The phenomenon of Sherlock Holmes did not and does not end with the World Wars, Russia has used Holmes to interpret communism. America’s president Theodore Roosevelt attempted to justify that Holmes was actually American but chose to fight crime in the more needy London. This came about due to America being the home of the first Sherlock Holmes Society of which Teddy Roosevelt was a secret member.  Comic books portraying Holmes as a crime fighting ninja is a popular theme and the Japanese puppet version of Holmes’ is in my opinion slightly terrifying. But the ideology of a super detective sleuth being on your side of a war that affected the people, landscape, and emotion of nation would have been incredibly reassuring in the history contemporary to the release of the Sherlock Holmes stories. There is a vast wealth of information on the use of Sherlock Holmes in recent history, I have barely scratched the surface here but McCaw’s lecture has certainly inspired me to search for more.

3/03/2011 Trussel’s Benefactors of Winchester, By Robert Smith

The third of March we attended to the Hampshire Record Office. We got there without even knowing who the so-called Trussel was, or what was the talk about. The mystery was though revealed by Robert Smith, who introduced us to an unknown aspect of the history of our own city. Robert Smith is currently at the University of Southampton doing an MRes course under Ros King. He is currently working towards upgrading this interest in Trussel into a PhD.

For many of us, the figure of John Trussel  might be unfamiliar. Trussel was an antiquarian and an important figure in Winchester between 1600 and 1648, although little of him is now remembered. His work ‘the Benefactors of Winchester’ was the most important document that he wrote and one of the main sources that R. Smith has used whilst undertaking his research. Despite of the fact that he is not a well-known figure, some people have studied him before. The most relevant, and who produced more useful material about him was Thomas Atkinson.

John Trussel was originally born in London and lived between 1575 and 1648. He might have been a scholar at Westminster. He was a poet that especially wrote ‘old fashion love’ verses. We know that he came to Winchester before 1603 and was recorded in 1606 in the civic records as being a freeman of the city. The evidence suggests that he was a Roman Catholic, since he attacked Puritanism in his work and was a Royalist during the English Civil War. In one of his longer declaration poems, the city of Winchester narrates the horrible damage which has been done to her during the Civil War. This reflects Trussel’s own anger about the fact that the city was sacked two times and the extensive damage done to the cathedral such as destruction of saint’s relics and the stained glass window in the West of the building. There are also references to doing good works in some of his poems, which plays a part in the Catholic faith, as well as pointed silence over executions of Catholics who were locally executed in 1603. However, it is hard to verify this as he would not be able to overtly make this clear in his work; in fact he tends to avoid religious issues, and could just have been a High Anglican instead. He served as a bailiff in 1616-7 and was elected as mayor of Winchester in 1624 at Michaelmas and again in 1633-4 before later being debarred from standing for office again in 1646. It was the fact that he was from an old gentry family and married into the Colley family, who were among the social elites of Winchester, that he was able to come into these positions of power. As well as being a history enthusiast and a civil servant, Trussel also wrote poetry such as ‘The First Rape of Fair Helen’ as well as longer poems that reflected his sentiments about political ongoing circumstances.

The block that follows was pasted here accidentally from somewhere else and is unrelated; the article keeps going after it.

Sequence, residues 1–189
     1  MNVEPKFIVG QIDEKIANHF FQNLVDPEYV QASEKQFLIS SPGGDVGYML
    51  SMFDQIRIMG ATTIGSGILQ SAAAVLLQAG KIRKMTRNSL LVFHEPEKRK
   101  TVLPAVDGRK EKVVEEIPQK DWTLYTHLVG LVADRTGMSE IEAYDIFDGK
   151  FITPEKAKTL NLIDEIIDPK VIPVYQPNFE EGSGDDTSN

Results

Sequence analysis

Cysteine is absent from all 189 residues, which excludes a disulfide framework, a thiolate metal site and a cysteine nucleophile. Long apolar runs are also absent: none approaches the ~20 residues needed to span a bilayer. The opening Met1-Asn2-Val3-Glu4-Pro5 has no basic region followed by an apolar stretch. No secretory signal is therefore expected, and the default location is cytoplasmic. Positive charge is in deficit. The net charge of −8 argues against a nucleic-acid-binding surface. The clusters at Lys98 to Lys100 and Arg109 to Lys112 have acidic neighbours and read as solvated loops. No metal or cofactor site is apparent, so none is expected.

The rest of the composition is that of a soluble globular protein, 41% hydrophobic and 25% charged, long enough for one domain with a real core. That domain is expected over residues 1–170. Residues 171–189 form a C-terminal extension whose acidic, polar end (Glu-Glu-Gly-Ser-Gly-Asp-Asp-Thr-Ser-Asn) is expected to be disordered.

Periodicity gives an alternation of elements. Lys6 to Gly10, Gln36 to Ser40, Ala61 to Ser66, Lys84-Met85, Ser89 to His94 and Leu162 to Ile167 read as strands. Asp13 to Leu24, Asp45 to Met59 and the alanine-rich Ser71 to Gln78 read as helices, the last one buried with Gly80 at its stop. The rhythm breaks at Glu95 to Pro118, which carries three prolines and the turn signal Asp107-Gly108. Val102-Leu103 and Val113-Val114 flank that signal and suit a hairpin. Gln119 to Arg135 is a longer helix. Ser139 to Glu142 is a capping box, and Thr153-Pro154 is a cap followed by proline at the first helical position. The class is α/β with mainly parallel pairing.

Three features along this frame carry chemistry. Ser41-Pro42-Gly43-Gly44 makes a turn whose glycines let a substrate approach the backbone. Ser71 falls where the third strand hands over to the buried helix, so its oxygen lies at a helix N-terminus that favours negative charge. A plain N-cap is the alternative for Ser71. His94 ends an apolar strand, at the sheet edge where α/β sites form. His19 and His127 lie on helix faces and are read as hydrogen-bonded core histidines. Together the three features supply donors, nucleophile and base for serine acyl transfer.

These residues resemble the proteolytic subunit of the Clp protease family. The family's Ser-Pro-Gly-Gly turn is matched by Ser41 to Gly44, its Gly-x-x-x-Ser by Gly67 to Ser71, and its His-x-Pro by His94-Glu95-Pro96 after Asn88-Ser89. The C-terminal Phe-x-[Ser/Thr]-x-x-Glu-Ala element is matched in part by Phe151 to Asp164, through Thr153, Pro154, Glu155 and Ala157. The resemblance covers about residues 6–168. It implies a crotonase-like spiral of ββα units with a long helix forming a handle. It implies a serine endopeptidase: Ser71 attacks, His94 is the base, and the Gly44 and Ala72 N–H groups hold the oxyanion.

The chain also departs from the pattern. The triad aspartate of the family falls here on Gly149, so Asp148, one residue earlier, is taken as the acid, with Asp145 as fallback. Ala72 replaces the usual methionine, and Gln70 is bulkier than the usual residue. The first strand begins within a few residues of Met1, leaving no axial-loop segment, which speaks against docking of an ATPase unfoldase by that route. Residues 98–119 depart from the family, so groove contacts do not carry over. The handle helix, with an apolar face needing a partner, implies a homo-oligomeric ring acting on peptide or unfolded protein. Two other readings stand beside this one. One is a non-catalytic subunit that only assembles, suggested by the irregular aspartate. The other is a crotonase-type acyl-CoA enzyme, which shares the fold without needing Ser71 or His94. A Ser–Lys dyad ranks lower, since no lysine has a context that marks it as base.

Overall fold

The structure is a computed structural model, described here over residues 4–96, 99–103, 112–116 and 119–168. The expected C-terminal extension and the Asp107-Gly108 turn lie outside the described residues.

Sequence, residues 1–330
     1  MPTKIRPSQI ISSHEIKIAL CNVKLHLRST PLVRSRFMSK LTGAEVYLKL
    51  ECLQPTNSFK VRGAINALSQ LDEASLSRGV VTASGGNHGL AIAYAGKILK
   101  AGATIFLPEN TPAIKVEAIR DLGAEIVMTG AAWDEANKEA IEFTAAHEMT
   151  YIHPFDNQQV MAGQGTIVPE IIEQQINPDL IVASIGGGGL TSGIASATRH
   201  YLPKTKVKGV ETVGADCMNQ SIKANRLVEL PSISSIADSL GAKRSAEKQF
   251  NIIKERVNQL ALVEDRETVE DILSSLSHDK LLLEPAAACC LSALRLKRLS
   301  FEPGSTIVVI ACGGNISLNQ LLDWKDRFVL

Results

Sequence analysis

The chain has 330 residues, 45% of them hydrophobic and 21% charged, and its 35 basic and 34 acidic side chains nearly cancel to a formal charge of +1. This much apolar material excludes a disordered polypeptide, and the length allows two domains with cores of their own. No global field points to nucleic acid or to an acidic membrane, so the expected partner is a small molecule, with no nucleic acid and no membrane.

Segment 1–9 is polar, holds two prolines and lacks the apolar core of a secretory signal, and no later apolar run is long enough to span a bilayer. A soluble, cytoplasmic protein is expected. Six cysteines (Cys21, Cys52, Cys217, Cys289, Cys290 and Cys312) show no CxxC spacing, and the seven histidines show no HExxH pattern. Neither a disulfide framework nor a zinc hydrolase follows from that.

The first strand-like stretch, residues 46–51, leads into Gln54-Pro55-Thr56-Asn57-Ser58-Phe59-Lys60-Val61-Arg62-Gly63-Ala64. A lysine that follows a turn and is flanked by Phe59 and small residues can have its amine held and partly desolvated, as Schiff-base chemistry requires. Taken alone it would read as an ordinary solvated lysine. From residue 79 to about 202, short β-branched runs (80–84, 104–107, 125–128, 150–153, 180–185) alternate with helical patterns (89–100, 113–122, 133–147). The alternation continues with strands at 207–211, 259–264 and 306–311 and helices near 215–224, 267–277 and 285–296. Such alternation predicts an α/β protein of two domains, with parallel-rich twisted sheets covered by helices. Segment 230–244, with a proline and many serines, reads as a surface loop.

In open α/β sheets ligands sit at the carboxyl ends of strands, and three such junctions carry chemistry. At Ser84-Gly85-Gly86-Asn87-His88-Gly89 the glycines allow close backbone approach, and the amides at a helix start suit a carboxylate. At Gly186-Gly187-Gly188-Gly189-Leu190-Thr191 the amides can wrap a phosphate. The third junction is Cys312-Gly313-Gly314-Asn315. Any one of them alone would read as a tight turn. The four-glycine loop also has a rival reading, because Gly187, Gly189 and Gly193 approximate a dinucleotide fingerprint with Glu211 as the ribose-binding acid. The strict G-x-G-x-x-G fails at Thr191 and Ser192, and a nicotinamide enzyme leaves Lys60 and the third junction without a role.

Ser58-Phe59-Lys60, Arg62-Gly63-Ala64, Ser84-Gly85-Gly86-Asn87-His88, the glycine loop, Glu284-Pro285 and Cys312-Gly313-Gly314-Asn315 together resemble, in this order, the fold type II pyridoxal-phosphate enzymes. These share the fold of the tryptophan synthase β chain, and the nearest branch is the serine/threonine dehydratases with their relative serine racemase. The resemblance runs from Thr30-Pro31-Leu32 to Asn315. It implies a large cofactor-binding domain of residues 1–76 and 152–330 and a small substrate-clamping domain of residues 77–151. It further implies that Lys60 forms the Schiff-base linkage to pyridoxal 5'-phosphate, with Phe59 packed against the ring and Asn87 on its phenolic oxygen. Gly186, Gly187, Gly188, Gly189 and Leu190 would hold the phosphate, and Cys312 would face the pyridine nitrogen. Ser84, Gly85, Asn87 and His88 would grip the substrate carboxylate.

Trussel & The City

For us it is interesting and quite remarkable the love that Trussel seem to have towards the city of Winchester. This could be identified as some sort of patriotism or romanticism ‘avant la lettre’. Winchester, although it was not his motherland, was his home. In his writings about the city some influences from Virgil could be found. This is shown by the way in which he sees the city from the point of view of the past, of the days of glory before this terrible decadence. The way it refers and describes the details embrace the classical style from the Aeneid.

In fact Winchester was “an ancient city, like a body without a soul”.When Trussel came to Winchester, the city was in a diminished state, its population only numbering about 3,120 in 1904 and many of its areas going back to nature; gardens and orchards being prominent. This meant that there was a significant need for poor relief, which included poor relief and charitable donations.

Trussel & Charity